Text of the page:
The parallel universes of the Democratic and Republican Conventions

Would it surprise you if I said that Joe Biden and Donald Trump have some common qualities? Maybe, maybe not, but here it is anyway: they both sell themselves as fighters for the working class and they both are politicians that make decisions with their guts. Also, both tend to look at foreign affairs as being about developing personal relationships with world leaders, although they have different sets of world leader friends.

Despite all this, the Democrats and Republicans presented stark differences between these two men in their conventions that have taken place over the past two weeks. You may have been on vacation or simply had little interest in the nearly 20 hours of televised speeches, videos and posturing aimed at revving up the party faithful. Here are my seven take-aways after watching all of it.

1) Messaging. The parties presented the two parallel universes that exist inside the U.S., one Democratic and one Republican. The Democrats argued that Biden is a decent guy and Trump is a danger to democracy. The Republicans asserted that Trump isn’t racist, and that Biden is a trojan horse for the extreme left socialists.

2) Truth. Who is correct? Well, we can trust our own experiences of the past nearly four years of Trump’s administration. We can also take a look at the New York Times fact-checkers who found three misleading statements throughout the entire Democratic Convention as opposed to five false and twelve misleading statements in just the fourth night of the Republican Convention. Yet for most Americans, who you believe depends on which party you’ve aligned yourself with, it’s a little like watching football, you root for your team.

3) The handling of the pandemic is of course, the biggest issue on Americans’ minds and is largely responsible for Biden’s stable 8–9 point lead in the national polls since mid-June. He assured Democrats that “it didn’t have to be this bad.” Trump, on the other hand, bragged about doing more testing than any other country and fast-tracking vaccine research and new treatments. He said “To save as many lives as possible, we are focusing on the science, the facts, and the data.” This so wildly untrue that it makes anyone other than his loyal supporters laugh.

4) Black lives matter vs. law and order. The other issue that has dragged Trump down in the polls is the Black lives matter protests. The police brutality and systematic racism behind these protests was a central focus of the Democrats while the Republicans mostly ignored this and focused on the violence in cities, emphasizing that this is happening in cities run by Democrats. This “law and order” message reminiscent of Nixon’s 1968 campaign is an attempt to bring back suburban women, who are critical voters, by saying that they will keep them safe. These are powerful issues for both parties and will remain a huge focus in the coming weeks.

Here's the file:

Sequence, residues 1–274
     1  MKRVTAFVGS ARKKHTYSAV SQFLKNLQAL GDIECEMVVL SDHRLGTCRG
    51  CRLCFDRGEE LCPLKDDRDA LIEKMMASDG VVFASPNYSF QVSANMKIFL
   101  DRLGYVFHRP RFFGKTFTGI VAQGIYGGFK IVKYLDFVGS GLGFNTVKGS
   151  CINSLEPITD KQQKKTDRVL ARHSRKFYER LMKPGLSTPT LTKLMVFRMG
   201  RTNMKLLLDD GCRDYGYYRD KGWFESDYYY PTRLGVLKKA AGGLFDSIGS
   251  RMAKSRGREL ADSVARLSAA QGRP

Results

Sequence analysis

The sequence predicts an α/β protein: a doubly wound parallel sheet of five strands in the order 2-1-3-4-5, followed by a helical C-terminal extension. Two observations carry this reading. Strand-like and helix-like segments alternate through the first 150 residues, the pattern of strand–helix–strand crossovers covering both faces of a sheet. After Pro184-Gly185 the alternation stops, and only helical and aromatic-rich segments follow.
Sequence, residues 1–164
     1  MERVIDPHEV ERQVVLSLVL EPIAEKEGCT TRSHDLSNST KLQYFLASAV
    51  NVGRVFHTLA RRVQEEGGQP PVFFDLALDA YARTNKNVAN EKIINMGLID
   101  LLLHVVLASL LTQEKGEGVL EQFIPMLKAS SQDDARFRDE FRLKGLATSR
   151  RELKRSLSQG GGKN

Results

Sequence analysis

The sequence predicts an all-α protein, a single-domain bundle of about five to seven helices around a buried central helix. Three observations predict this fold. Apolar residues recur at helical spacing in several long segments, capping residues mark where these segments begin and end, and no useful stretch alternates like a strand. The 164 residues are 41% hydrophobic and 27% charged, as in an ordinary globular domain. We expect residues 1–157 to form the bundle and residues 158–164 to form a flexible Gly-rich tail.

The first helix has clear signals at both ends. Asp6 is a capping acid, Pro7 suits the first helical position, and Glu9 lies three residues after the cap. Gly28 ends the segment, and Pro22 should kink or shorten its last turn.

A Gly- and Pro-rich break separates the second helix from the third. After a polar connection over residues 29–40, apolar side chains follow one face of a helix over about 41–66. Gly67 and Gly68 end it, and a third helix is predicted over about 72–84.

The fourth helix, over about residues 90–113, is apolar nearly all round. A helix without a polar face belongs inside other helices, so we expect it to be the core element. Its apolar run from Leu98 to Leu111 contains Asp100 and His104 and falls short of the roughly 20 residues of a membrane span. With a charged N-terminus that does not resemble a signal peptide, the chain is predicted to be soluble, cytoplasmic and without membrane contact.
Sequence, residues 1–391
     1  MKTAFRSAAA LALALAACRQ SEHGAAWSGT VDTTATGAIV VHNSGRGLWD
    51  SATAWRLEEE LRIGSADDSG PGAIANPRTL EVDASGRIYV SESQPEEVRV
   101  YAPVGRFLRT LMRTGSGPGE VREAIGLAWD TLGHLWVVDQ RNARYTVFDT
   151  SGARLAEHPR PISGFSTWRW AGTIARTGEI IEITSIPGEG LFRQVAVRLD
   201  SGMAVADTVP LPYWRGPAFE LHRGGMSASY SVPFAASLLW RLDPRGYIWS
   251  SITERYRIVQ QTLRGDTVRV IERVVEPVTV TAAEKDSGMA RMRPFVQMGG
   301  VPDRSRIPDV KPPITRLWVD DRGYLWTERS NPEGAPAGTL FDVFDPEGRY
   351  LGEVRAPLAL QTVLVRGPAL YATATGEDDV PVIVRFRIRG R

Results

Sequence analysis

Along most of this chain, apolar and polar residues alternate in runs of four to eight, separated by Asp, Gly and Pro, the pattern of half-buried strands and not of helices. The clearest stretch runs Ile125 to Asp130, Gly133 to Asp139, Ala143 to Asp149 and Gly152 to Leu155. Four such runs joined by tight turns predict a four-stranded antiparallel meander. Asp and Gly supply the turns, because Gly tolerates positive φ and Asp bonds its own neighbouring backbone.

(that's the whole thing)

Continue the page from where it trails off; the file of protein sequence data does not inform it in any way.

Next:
Besides messaging, the pandemic forced massive change on these normally raucous, crowded, quadrennial political spectacles, but this change was long overdue, and I believe much of it is here to stay.

1) More time=higher production values. The Democrats pushed back their original convention date by four weeks and used that time well. But because Trump really wanted an in-person convention, the Republicans stuck to their dates and ended up having to plan a mostly virtual event in about two weeks. This showed in a few ways. Democrats had a lot more professionally produced videos that provided many of the emotional high points and told important personal and policy narratives. The Republicans mostly relied on speeches in the beautiful yet very formal and echoic Andrew W. Mellon Auditorium. Democrats made their speeches from their living rooms or even kitchens, which provided some intimacy. These style differences may very well have appealed to each party’s base.

2) Less is more, or, the death of the long political speech. Democrats cut the usually three-hour affair down to two and kept the speeches really, really short. The best example of this is that Biden’s acceptance speech on the final night of the convention was about 25 minutes long while Trump’s rambled on for about 70 minutes. Republicans stuck to a more traditional format of long speeches at mostly the same podium and each evening wore on for about two and a half to three hours. The TV networks typically only show the last hour of each convention night anyway, even though it looks like more and more viewers are watching online.

3) Show-me-don’t-tell-me moments. Most conventions are about telling us about the candidate, but this virtual format allowed them to show us, which is infinitely more convincing. Biden did zoom-like chats with regular people, showing that he is the kind of man who asks questions and listens. Trump performed a naturalization ceremony and pardoned Jon Ponder. There were accusations of the Republicans using these people are props and also the unethical use of the White House and other federal properties, but no doubt, they were powerful moments.

No doubt, the success of these conventions is very much in the eye of the beholder. Democrats loved theirs as did Republicans. So the most interesting bit about 2020 is whether it will indeed change conventions and political communication in the long run.

This op-ed was published in Spanish in El Español.

International relations analyst, writer and professor at the Universidad Europea and IE School of Global & Public Affairs. www.alanamoceri.com / @alanamoceri.

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